Bill Evans Explained part 2

Following up from my previous post, Bill Evans Explained, I’d like to continue with my next subsection:


For me one simple measure of artistic personality is quick recognition without prior knowledge of the artist or recording being listened to. Use Ben Webster as a reference point. There’s no mistaking him. The piano is a more difficult instrument to establish an identity than a saxophone in part because of the nature of the instrument. There is less direct contact and control of the means of sound production. So if you can establish pianistic identity, it’s an important measure of achievement. Even great pianists can sometimes only be deduced rather than directly identified based on how they’ve decided to express themselves. This can happen in more traditional players who build on similar language lines that do not use any particular signature licks, mannerisms or have striking feel differences that stand out, for example, players like Tommy Flanagan or Hank Jones. There are some, but it is more nuanced than let’s say some of the players below like Garland, Peterson or Kelly.

In my opinion these are the only pianists that are recognizable within a few measures:

Thelonius Monk
Art Tatum
Errol Garner
McCoy Tyner
Wynton Kelly
Bud Powell
Bill Evans
Oscar Peterson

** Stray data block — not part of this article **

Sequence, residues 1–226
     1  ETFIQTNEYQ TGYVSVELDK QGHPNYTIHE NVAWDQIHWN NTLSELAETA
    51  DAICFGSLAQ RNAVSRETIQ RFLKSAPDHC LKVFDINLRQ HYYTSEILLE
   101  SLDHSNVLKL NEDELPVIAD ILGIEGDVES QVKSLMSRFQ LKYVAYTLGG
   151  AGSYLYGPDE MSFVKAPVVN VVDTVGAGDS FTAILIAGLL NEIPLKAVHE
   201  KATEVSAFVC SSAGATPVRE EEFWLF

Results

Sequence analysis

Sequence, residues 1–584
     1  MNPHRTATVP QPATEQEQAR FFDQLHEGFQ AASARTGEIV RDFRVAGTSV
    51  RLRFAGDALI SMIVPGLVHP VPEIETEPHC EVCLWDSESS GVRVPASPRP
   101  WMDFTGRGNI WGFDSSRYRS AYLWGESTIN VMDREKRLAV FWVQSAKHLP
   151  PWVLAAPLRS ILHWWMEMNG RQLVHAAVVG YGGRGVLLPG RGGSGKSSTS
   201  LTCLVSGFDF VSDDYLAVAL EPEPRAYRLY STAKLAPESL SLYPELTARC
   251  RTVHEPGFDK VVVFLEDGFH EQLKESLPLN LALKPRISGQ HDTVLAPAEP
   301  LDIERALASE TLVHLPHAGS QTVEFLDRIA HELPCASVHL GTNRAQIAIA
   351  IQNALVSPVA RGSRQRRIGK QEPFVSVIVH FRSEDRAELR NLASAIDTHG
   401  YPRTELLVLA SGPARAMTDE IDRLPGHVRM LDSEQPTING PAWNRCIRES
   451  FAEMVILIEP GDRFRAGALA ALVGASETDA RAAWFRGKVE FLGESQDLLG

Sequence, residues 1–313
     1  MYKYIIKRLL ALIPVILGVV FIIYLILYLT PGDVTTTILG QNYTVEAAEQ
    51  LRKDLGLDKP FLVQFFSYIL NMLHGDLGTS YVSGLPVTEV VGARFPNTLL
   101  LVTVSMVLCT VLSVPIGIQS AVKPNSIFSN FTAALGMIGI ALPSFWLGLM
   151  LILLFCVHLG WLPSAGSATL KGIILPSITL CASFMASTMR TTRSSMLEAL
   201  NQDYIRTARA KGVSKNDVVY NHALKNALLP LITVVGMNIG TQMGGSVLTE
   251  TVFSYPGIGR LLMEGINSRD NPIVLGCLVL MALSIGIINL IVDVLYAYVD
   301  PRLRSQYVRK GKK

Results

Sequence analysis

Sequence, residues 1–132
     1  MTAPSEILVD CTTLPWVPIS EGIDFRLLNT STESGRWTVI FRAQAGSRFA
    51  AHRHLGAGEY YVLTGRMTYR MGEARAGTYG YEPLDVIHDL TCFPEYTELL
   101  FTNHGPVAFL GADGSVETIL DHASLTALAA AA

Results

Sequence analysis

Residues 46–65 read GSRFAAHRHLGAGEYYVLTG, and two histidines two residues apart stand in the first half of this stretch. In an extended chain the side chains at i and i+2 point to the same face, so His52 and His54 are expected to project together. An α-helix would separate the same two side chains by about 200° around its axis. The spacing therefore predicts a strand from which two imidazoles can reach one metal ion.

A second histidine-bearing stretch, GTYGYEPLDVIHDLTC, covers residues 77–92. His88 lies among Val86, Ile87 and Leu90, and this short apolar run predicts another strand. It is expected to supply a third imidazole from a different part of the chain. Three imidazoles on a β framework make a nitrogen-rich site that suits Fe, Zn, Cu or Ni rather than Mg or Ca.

Herbie Hancock
Chick Corea
Red Garland

A strong case could be made for the following pianists but it’s less sure fire strictly speaking:

Keith Jarrett
Barry Harris
Brad Meldhau (yes, him)
Lennie Tristano
Earl Hines

But there are only three that can be identified easily on ballads and with their approaches to harmony and chords.

Art Tatum
Thelonius Monk
Bill Evans

This is rarefied territory.

But what constitutes personality? Does it have to  do with decisions regarding the use of other artists’ work in the formation of your own style? Or how many artists you incorporate and from what instrument?   I don’t think adopting many different influences guarantees personal style. There are plenty of players out there that employ a litany of best practice ideas from different places but you still can’t figure out who they are, only that they play well enough to be remembered and replayed.  To say they are lacking in personality doesn’t quite answer the vexing question, “Why?” The most fundamental characteristic of personality is whether the artist’s language sounds like it’s living or not and whether it is put together in a way strikingly different than what is currently the norm. But that makes the case of Barry Harris an odd one. I find him readily distinguishable in his feel, lines articulation and chords despite how much language he derived from Bud Powell. This has to do with the sound logic and melodic conviction he has. He has such command of his language (albeit derivative from Powell) that you begin to identify him as someone that communicates lines at a very advanced level of architecture that is in the same spirit of his idols. To a degree technical skill becomes an identifier as well, but in isolation this only gets to the level of “deduction”. So in a sense Tatum and Peterson qualify on these regards but they have other expression traits separate from technical prowess that clearly identify them and do not in my opinion in players today like Eldar or Gonzalo Rubalcama.